Refugee Stories: English classes bring Venezuelans, Trinis together
Photo courtesy the United Nations Trinidad and Tobago.
Navigating a strange country without speaking the local language is hard, but for refugees, it’s a life or death situation.
However for non-English speaking refugees in Trinidad and Tobago, a lifeline has been given through free English classes offered through the Living Water Community’s Ministry for Migrants and Refugees.
Since 2017, Living Water Community has worked with diverse partners including the University of West Indies and the JSM Language and Innovation Centre to provide English classes. The programme has already helped several non-English speakers learn to write and converse in English.
The current programme is taught by Trinidadians and a Venezuelan National who lives and works in Trinidad and Tobago. According to LWC Community Based Protection Associate, Denise Pitcher:
“Because of the dispersion of the (refugee) population across Trinidad Tobago, we’ve tried to set up classes in the most population-dense areas such as Arima, Port of Spain, San Fernando and Couva.”
Reports indicate that the Couva location in central Trinidad has had much success, with several people receiving a certificate of completion.
Accessibility to classes limited
The main challenge has been finding a way to make it easy for refugees to attend.
“The programme was really well received, the Couva class was very successful, however we’ve had trouble finding locations for the classes.”
“These refugees have limited funds so we’re trying not to have them spend too much to get to the classes, so that’s a challenge.”
The Couva class was taught by a CELTA (the Cambridge-accredited Certificate of English Language Teaching to Adults) trained teacher and resulted in 15 people completing the first course and approximately 21 people completing the second course.
While numbers have dwindled somewhat, efforts are being made to make the classes more accessible.
“For the other classes the numbers have dwindled a bit, so we’re going to evaluate and see what the barriers and challenges are to increase accessibility etc.”
Integration is key
Pitcher said it is critical for refugees to be able to integrate into local society if they are to survive.
“Many of them are being exploited because of their lack of knowledge of the English language, so in terms of a protection standpoint and security for them, English is important. If they’re going to be here and working they need to learn English.”
“Trinidadians don’t know a lot of Spanish, we’re not really a bilingual country so it’s important for them to be able to learn to speak with us," she said.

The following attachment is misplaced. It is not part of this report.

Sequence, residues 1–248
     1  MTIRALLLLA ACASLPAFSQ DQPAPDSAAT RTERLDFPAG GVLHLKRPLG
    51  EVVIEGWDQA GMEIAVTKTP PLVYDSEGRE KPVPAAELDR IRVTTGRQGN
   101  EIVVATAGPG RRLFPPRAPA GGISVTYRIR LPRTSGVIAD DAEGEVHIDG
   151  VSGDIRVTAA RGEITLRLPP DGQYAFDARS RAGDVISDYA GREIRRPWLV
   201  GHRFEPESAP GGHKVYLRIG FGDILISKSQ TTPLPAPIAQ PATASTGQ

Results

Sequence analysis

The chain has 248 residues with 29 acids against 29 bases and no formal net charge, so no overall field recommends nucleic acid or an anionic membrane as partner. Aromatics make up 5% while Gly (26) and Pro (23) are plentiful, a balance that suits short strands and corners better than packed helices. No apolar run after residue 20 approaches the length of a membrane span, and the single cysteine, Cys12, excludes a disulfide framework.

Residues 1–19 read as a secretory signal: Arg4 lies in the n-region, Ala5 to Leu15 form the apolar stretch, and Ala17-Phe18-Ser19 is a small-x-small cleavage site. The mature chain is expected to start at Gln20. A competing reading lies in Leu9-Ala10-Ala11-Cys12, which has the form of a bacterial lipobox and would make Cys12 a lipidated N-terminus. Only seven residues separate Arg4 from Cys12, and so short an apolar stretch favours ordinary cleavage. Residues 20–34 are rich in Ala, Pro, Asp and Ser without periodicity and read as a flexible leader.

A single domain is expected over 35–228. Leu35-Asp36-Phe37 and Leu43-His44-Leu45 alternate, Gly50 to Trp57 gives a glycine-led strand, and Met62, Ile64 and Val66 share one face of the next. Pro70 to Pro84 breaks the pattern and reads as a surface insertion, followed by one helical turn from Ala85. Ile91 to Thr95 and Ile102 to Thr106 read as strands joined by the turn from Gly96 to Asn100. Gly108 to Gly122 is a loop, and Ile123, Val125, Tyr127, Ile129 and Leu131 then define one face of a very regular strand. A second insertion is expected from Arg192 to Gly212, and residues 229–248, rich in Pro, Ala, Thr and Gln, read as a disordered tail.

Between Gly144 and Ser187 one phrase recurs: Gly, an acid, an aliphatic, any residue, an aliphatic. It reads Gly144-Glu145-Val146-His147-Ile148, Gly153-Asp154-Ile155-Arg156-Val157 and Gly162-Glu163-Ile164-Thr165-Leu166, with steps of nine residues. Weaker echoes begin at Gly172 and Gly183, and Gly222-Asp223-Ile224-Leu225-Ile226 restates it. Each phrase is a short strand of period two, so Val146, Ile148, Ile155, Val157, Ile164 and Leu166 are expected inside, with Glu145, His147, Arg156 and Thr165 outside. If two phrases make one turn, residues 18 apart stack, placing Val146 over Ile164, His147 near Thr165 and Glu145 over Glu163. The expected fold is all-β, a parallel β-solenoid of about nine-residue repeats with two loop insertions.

Creating spaces for Trinidadians and Venezuelans to converse can benefit both parties, who can enhance their skills through a second language.
One way of doing this is through the creation of conversational clubs, says Pitcher.
“One thing we want to suggest is for Trinidadians to start conversational clubs. Refugees actually prefer those types of informal settings where they can learn the language.”
“These clubs can be a mutually beneficial relationship where refugees can practice their English, while Trinis get to practice their Spanish,” she said.
Living Water Community encourages anyone wishing to volunteer, however for now, the priorities are finding spaces to hold the classes and financial resources to ensure sustainability.
Anyone who is able to assist with providing a space for classes or teaching assistance or would like to donate towards this cause is urged to contact the Living Water Community Ministry for Migrants and Refugees at email@example.com or 612-7395.
World Refugee Day, internationally observed June 20 each year, is dedicated to raising awareness of the situation of refugees throughout the world.
Editor’s note: This series is done through collaboration with the UNHCR and United Nations Trinidad and Tobago office for World Refugee Day.
Refugee versus migrant: What’s the difference?
Refugees are defined by the 1951 Convention Relating to the Status of Refugees as someone who “owing to a well-founded fear of persecution for reason of race, religion, nationality, membership of a particular social group or political opinion” is unable to return to his home country.
The definition was widened under the 1984 Cartagena Declaration to include “persons who have fled their country because their lives, safety or freedom have been threatened by generalized violence, foreign aggression, internal conflicts, massive violation of human rights or other circumstances which have seriously disturbed public order”.
By contrast, a migrant is defined as someone who chooses to move mainly to improve their lives by finding work, or in some cases for education, family reunion, or other reasons.
Refugees are defined and protected in international law: the 1951 Refugee Convention and its 1967 Protocol as well as other legal texts, such as the 1969 OAU Refugee Convention, remain the cornerstone of modern refugee protection.